First of all, this policy can no longer collapse. Since the insurance charges are now a percentage of the account value instead of a lump sum, this means the account value can only be reduced by a fraction and never the whole amount. After all, a 1% charge on account value can never total 100% of the account value.
Secondly, the spread rate puts this strategy in familiar terms when clients consider its cost. Clients are used to comparing fees such as MERs; now the cost of this strategy is in easily relatable terms.
Essentially, Ultravision can be summed up as a structure that allows one to invest in various GIAs, indexes or mutual funds on a tax-sheltered basis.
In exchange for this tax-sheltering benefit, the investor has to pay an additional fee. Oh — and the insurance? Well that’s practically a bonus. I mean, would an investor rather pay a slightly higher MER or pay taxes on their investments? I’m pretty sure most would choose the former. As for access to these funds, it works like a standard IRP.
Spread rate: A case study
So now that we know the benefit, how much does it cost? Well, the cost of investing is broken down into three parts:
Let’s consider a 45-year-old male non-smoker of average health with $75,000 who’s looking to invest in this strategy over the next five years. The following would occur:
An Ultravision policy with the above parameters is quoted and software calculates a face value of $271,482 is required to shelter these funds.
In year 1, $25,000 is deposited and the policyholder is charged a 1.2% spread rate.
In year 2, $25,000 is deposited and the policyholder is charged a 0.81% spread rate.
In year 3, $25,000 is deposited, and the policyholder is charged a 0.60% spread rate.
In years 4 and 5, no deposits are made, and a spread rate of 0.6% is charged.
In year 5, the spread rate is locked in for life.
In year 6, the policy is bonused about $734.64. This refunds the client for the difference between 0.60% and the 1.2% and 0.81% spread rates paid in years 1 and 2.
The client can choose to make additional deposits until year 10.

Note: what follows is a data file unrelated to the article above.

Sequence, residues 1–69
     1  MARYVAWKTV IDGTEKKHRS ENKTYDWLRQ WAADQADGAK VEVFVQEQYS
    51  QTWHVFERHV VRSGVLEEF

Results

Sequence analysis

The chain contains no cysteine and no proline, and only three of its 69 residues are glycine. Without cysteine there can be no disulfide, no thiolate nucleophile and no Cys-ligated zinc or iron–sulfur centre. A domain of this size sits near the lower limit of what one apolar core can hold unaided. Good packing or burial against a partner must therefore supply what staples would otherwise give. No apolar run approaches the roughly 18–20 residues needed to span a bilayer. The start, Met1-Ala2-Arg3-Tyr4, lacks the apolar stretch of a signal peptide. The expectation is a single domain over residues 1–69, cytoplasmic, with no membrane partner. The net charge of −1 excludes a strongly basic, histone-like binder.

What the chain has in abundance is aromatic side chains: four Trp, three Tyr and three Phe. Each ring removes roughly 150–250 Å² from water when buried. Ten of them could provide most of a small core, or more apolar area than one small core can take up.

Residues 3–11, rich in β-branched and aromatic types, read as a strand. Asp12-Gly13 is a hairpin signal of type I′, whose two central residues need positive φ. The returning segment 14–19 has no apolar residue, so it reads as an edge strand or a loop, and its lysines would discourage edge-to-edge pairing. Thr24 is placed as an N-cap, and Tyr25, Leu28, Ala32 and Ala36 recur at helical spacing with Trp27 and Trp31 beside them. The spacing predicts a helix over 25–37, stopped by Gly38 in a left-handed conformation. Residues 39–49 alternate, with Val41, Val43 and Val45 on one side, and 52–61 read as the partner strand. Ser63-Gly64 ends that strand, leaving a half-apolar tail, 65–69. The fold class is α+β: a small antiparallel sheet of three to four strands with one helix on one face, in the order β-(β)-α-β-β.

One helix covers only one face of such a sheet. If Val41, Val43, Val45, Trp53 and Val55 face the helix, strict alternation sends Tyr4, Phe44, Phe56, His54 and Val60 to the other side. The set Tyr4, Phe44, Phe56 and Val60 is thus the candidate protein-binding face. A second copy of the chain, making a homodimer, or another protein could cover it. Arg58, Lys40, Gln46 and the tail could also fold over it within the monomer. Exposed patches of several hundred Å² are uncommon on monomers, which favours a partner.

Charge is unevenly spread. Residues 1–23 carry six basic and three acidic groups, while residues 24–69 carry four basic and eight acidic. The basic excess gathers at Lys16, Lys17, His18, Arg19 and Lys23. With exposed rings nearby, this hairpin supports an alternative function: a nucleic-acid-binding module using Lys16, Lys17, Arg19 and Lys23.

Every year, the insurance death benefit will adjust to the minimum level required to shelter the funds within the policy. And at age 85, all spread rate charges cease and the policy is fully paid up. By then, the death benefit will have adjusted down to $10,000.
So in the end, the client gains a tax shelter for what amounts to a Seg Fund MER. In addition, the client’s estate gains the insurance death benefit at time of death.
Ultravision vs. corporate class
How does Ultravision compare to investing in a simpler tax-efficient structure such as a corporate-class portfolio? To understand this, we have to consider various scenarios.
In the end, there’s no clear winner. Both strategies have their pros and cons, and as always, it’s important to consider the client’s goals when deciding if Ultravision is a good option. But I do commend Manulife for bringing this to the Canadian market. Ultravision delivers all the benefits of an IRP without the negatives, and has armed advisors with yet another powerful tax-planning strategy.
More than that, they’ve managed to do it in a way that looks and feels like an investment product. The spread rate resembles an MER, and even the compensation is level and resembles a mutual fund trailer. So, Ultravision is probably the closest we’ll ever come to UL without that pesky insurance.